"There is a very vocal and very passionate contingency for whom gun issues are very important and they base their votes exclusively on this issue," Harrison said. "In some legislative districts, they are very politically savvy."

Under the proposed law, buyers would be limited to one handgun purchase every 30 days in New Jersey. Other guns would not be affected.

Opponents argue that New Jersey's gun laws already make it hard to buy firearms, even for law-abiding citizens. Anyone purchasing a handgun must get permission from the local police, alerting authorities to large-volume buys. Because the wait time can be so long, some lawful gun users buy several handguns at once to avoid repeated delays, gun-rights groups argue.

Van Drew received $500 in 2007 from the National Shooting Sports Foundation, which touted the failure of the New Jersey one-handgun-per-month bill prominently on its Web site. He raised nearly $263,000 in the general election campaign that year.

The National Rifle Association gave Sweeney $6,000 in 2007 and the National Shooting Sports Foundation gave him $1,500 that same year. He raised nearly $1 million for his general election campaign that year.

Both senators said the donations were a small piece of their fund-raising and did not influence their votes.

"If [critics] are talking that $1,000 or something is going to influence me, they're way out of line," Sweeney said.

In the Senate, urban and suburban Democrats voted for the handgun limits. The vote broke along similar lines in the Assembly in June. At least three Republicans there supported the measure, but there was less riding on their votes because the plan would have passed with or without them.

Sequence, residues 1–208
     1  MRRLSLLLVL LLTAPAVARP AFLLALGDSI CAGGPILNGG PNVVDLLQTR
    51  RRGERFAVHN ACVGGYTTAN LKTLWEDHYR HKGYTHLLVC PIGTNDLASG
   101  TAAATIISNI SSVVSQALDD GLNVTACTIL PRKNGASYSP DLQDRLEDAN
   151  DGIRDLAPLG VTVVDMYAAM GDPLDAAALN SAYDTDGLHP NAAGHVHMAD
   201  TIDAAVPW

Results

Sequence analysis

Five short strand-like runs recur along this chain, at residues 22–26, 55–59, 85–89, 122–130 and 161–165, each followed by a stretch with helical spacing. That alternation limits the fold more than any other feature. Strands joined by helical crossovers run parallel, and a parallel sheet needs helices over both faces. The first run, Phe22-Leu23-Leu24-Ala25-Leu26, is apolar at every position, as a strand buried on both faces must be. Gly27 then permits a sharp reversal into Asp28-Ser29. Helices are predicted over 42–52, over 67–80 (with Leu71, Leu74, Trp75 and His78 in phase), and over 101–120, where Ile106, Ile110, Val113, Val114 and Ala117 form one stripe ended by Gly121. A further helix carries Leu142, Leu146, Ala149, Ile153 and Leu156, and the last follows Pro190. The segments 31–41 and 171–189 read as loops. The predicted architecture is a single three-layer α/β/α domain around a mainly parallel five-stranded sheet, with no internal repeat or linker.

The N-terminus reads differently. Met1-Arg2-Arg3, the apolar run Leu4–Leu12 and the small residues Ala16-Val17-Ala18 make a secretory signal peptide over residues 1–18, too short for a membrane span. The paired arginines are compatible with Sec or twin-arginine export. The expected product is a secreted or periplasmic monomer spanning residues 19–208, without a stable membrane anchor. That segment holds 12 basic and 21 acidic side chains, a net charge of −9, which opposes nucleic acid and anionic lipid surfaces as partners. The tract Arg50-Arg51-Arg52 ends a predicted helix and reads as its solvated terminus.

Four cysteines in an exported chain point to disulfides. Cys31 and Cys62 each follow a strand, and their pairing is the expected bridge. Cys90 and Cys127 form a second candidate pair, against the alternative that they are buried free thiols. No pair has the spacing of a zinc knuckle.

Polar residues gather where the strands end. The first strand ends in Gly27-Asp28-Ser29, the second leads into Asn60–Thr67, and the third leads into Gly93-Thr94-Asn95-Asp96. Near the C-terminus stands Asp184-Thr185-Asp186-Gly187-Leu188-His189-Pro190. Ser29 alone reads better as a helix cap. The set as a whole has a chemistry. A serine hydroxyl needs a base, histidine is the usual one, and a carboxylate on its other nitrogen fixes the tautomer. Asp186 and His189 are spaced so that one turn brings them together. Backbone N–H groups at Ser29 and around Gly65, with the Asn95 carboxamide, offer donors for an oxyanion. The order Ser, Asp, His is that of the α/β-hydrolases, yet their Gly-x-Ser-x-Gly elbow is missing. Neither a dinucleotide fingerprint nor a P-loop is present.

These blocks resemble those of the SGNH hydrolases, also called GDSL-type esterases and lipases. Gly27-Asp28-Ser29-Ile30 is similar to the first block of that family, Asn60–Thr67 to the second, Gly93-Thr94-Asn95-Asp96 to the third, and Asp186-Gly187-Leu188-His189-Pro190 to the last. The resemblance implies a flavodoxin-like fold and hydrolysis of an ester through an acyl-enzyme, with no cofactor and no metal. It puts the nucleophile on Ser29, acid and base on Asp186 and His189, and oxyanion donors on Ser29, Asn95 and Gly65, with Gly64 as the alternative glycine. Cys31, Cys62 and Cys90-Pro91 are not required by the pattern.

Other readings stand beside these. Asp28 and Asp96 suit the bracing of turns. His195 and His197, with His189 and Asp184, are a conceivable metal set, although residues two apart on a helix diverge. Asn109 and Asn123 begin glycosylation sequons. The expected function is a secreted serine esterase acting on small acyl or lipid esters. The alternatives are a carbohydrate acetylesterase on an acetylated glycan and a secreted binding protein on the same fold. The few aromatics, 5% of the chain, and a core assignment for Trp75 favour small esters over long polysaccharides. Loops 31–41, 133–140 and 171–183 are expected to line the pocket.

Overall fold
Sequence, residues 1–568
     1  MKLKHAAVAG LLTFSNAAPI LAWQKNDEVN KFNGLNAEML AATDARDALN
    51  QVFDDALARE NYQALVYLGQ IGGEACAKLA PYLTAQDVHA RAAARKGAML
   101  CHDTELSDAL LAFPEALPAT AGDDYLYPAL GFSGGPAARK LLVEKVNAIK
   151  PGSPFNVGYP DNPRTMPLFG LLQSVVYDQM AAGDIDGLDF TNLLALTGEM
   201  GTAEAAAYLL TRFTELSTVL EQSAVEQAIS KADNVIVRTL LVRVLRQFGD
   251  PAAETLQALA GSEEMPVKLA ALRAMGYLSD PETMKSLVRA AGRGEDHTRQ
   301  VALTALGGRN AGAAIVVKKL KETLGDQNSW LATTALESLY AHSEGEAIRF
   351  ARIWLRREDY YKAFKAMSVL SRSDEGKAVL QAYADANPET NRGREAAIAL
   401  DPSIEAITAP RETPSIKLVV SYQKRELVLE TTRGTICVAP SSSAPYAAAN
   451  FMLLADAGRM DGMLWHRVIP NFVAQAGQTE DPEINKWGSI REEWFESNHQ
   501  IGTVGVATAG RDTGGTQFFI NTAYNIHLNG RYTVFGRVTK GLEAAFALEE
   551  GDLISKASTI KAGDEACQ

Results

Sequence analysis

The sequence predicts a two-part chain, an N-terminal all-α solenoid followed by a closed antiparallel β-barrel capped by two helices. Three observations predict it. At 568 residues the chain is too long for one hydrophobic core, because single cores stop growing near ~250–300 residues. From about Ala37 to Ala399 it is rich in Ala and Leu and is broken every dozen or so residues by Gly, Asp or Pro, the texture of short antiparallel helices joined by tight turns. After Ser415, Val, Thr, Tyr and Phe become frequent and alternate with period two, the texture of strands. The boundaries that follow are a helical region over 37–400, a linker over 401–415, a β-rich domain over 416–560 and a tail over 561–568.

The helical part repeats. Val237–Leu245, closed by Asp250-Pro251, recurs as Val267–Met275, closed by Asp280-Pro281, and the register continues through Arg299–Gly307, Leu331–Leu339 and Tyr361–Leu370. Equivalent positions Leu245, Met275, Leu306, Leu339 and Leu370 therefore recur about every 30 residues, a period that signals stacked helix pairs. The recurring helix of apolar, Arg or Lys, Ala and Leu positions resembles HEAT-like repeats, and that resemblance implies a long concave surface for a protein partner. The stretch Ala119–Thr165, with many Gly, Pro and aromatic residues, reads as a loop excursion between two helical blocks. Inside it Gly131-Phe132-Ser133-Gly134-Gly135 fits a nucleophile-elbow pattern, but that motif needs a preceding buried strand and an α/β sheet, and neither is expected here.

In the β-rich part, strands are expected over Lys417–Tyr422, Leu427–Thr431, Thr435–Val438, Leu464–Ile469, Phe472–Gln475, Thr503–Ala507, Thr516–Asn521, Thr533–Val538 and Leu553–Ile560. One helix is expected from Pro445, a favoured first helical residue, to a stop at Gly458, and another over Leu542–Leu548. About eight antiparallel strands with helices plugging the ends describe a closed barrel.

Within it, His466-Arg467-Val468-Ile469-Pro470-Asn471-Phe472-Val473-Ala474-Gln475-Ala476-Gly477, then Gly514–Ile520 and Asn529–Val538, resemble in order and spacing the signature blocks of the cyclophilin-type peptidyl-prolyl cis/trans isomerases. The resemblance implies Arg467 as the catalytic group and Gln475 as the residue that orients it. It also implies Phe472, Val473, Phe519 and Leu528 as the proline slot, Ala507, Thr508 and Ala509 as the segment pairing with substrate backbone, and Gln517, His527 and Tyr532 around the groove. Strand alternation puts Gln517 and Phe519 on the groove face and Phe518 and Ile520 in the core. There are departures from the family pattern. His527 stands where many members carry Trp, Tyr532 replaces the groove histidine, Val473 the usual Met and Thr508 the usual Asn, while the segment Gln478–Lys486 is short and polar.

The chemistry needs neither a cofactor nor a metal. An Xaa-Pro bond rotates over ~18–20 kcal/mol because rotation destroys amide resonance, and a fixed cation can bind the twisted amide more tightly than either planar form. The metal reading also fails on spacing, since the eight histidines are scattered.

In 2007, under similar circumstances, Baroni and Beck joined a handful of Republicans to vote for the bill when it easily passed in the Assembly. It did not go through the Senate that year.

Baroni and Beck both said a 2008 U.S. Supreme Court decision striking down Washington's handgun ban made them question whether the New Jersey proposal would stand up this time around. That landmark case knocked down one of the toughest gun restrictions in the nation and affirmed individuals' rights to own handguns for self-defense.

"I was just not prepared to vote for it with those concerns," said Baroni, who voted "no."

Said Beck, who did not vote, "There's a serious question in light of the Supreme Court decision last year as to whether or not this bill is constitutional."

She added that she had received new information questioning the proposal's effectiveness. "It's mostly a political bill," she said.

A campaign committee for Beck and her Assembly running mate received $500 from the NRA in 2005, according to state records. It was a small piece of her overall fund-raising and came two years before she voted for, and later abstained on, this plan. She said fund-raising does not influence her voting.

State Sen. Phil Haines (R., Burlington) also did not vote. He said he believes in the cause of reducing gun violence, but questions this measure's real impact.

There is much debate on how similar laws have worked elsewhere. South Carolina repealed its law in the face of criticism that it did not work. Virginia, Maryland and California have similar laws.

Contact staff writer Jonathan Tamari at 609-989-9016 or jtamari@phillynews.com.